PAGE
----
One of the great joys in our family is making breakfast together, usually on a Saturday morning. Of course this is not unique to us. As I continue this series on foodways, inspired by reading The Cooking Gene, this morning as Michael and Sebastian work on pancakes, I'm reflecting on the role of breakfast. Some highlights from my past:
Mammoo, my grandma Nixon, would get up early to fix breakfast and the smell of bacon wafting up from the kitchen is what would awaken you.
My parents making pancakes in fun shapes for us to eat as kids. Something Michael and I do now for Sebastian.
My Dad frying eggs. He'd use the cast iron skillet and fill it with bacon grease and fry the eggs in the fat with lots of salt and pepper.
In grad school, fixing breakfast with friends who had stayed over after a late night of partying.
What about any rich cultural influences on breakfast? Let's talk about grits.
I grew up in an area where we enjoyed grits both as a breakfast food and as a side at suppertime. Generally they were served with a little butter, salt, and pepper, though occasionally someone would make cheese grits.
Michael Twitty, in The Cooking Gene, writes about the role of grits in Southern cooking. This reminds me of the best grits I ever had. I was in Helena, Arkansas, a town in the Mississippi Delta that Mark Twain said was the loveliest spot on the river. I was there scouting for our church's mission trip and I arrived about an hour before my meeting, so I stopped in at Bunny's Cafe where I had grits and coffee prepared by Bunny, who was African-American. They were the best grits and the best coffee I'd ever had.
While eating alone, I was joined at my table by a man who worked for a local youth services organization. When he found out who I was and why I was there, he shared with me about the racial history of the city and the impact upon it of integration. He spoke of how integration, a good thing, had the unintended consequence of devastating the black commercial district, as African-Americans began shopping in the white stores but no whites began shopping in the black stores. The area had also experienced two drains--white people fled to the suburbs of nearby cities like Memphis and Little Rock and middle class African-Americans went off to college and didn't return.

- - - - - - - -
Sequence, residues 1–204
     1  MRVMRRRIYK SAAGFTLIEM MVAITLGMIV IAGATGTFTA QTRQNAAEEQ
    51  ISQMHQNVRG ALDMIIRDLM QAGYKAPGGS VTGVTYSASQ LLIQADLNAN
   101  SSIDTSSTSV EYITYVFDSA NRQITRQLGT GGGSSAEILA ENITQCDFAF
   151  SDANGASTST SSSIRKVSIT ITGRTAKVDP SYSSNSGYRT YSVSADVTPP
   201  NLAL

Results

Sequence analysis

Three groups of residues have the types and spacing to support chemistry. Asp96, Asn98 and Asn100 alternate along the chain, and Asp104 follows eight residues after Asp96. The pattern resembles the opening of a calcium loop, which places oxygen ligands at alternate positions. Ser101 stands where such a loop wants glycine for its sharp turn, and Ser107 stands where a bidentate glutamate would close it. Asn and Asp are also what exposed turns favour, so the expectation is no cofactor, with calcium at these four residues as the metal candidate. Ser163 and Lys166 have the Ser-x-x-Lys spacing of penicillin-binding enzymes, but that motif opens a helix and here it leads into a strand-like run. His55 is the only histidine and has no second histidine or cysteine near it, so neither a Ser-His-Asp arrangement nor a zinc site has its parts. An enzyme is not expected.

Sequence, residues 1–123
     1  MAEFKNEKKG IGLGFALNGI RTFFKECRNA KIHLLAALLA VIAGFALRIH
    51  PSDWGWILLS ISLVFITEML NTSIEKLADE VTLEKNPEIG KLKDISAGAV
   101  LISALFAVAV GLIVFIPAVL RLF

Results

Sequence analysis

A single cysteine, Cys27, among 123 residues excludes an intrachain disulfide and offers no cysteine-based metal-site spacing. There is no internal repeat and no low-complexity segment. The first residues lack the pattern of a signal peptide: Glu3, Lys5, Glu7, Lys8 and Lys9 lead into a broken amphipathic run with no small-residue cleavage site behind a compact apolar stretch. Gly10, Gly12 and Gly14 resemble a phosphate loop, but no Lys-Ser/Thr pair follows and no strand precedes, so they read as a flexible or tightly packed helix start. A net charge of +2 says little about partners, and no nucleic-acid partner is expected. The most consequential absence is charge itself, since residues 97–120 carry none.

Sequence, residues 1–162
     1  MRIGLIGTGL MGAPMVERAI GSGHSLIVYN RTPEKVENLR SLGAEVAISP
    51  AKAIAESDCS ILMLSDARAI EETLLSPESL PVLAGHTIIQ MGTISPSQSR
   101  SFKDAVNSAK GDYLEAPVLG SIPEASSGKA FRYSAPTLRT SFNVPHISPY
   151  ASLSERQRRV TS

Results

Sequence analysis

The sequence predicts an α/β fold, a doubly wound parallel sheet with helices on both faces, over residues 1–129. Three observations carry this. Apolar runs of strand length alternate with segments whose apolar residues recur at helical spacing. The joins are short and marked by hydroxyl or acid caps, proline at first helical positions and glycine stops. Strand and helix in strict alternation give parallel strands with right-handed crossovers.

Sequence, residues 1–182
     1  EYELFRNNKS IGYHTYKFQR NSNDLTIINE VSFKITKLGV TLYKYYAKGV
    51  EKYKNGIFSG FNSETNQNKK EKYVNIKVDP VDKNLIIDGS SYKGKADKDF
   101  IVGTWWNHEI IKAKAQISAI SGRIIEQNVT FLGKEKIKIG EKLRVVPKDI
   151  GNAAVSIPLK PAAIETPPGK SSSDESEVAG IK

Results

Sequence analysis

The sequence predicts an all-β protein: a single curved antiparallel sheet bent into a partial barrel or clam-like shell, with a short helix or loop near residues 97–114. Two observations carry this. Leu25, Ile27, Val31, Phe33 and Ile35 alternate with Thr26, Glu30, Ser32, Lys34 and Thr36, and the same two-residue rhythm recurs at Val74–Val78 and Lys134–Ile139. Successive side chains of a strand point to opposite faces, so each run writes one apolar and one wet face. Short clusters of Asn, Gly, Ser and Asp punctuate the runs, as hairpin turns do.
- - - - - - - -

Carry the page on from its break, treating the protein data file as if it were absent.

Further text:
This conversation was one episode in a day full of revelations about poverty and racial inequality. Though I had intellectually understood them before that day, this was the day my eyes were open and I gained insight. That day was an epiphany which led to social justice action becoming central to my ministry.
Another word on grits. In 2014 when Michael and I visited friends in Denver over Labor Day weekend, we were surprised to discover shrimp and grits being served almost everywhere we went to eat. Somehow this food of the coastal southeast was prominent at the gateway to the mountain west. Now whenever we fix shrimp and grits, we joke that we are going to have Colorado food.
I think the next post will be about rice, which in my childhood was also a breakfast staple, but rice deserves its own post.
The previous post in this series was about Texas Caviar.